CONAN: This, an email we have from Jacob: I was a rifle platoon leader with a Stryker infantry battalion serving in Baghdad 2006, 2007. I'm eternally grateful for the service that our Iraqi interpreters gave to us. Not only did they enable us to accomplish our missions on a daily basis, but they also gave me a personal insight into Iraqi culture. I spent countless evenings drinking chai and drinking - eating Iraqi food with our platoon interpreters. I gladly wrote letters of recommendation for four of our interpreters, and thankfully, all four are in the U.S. I wish the same could be said for those who did not make it. I think it's a travesty that after the sacrifice made by these brave Iraqis, so many are essentially being held out to dry.

We're talking with Tariq, who served as an interpreter with U.S. forces in Iraq. You're listening to TALK OF THE NATION from NPR News. And as I understand it from that Los Angeles Times article, your fiance is among those Iraqis who did managed to make it out.

TARIQ: Yes. Her mom used to work for the U.S. - for a company, a U.S. company. She was a civilian, and she applied one year before me. So luckily, she made it out before the - that, you know, Kentucky incident.

CONAN: With the Iraqi refugees - when review processes were stalled, as new securities procedures were put into effect. Is there any timetable that you have from the embassy or from the State Department?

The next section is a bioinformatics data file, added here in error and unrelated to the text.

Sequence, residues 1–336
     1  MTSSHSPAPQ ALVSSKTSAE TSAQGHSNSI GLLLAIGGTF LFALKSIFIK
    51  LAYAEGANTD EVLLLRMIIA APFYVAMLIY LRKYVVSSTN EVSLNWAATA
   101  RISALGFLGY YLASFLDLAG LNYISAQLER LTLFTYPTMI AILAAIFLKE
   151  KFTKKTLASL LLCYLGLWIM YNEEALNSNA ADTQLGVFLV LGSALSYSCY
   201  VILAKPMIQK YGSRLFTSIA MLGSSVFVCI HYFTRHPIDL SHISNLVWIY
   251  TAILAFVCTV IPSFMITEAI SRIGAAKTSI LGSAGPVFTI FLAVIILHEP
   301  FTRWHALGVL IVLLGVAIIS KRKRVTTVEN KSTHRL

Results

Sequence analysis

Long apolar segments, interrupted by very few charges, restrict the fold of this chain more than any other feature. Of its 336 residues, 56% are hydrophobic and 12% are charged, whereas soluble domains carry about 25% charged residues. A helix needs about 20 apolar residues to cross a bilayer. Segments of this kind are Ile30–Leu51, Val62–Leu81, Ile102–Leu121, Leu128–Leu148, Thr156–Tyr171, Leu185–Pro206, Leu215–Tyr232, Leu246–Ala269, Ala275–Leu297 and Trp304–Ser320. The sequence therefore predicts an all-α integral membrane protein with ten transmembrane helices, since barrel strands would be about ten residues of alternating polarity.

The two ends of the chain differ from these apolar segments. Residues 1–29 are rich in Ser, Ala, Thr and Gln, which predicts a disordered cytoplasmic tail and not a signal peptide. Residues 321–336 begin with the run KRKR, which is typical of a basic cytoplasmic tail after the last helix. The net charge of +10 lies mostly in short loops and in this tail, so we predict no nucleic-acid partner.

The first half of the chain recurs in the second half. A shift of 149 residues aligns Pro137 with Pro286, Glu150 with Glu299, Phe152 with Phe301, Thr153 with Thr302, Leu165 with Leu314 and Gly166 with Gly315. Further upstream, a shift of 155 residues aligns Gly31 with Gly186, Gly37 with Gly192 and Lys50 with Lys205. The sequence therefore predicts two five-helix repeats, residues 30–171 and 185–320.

TARIQ: Well, when I was interviewed in June 2011 and the consular officers said that it should take about eight months after this interview. She said, I can't guarantee that you will get it within eight months. You might get it earlier. You might get it later. I have so many friends that are waiting in their 14th or 15th month, and they didn't get their visas yet. I didn't finish up that period, but unfortunately because of the situation in Iraq and because things are going bad very quickly, you know, the same day when the U.S. forces pulled out, the prime minister has issued these arrest warrants and asked for a no-confidence vote for his deputy, which has sparked some sectarian tensions.

And then two days later, we have - about 16 explosions struck Baghdad, killing about 200 civilians. And lately, he declared that the militia that was publicly attacking the U.S. who are in Iraq because of request from Iraq - the Iraqi government, he declared that this militia will join the political process. And they held a huge ceremony close to where I live in Baghdad. And they were, you know, publicly celebrating the withdrawal of the U.S. forces and saying that we have conducted about 5,200 operations against the U.S. military and killing hundreds of U.S. soldiers.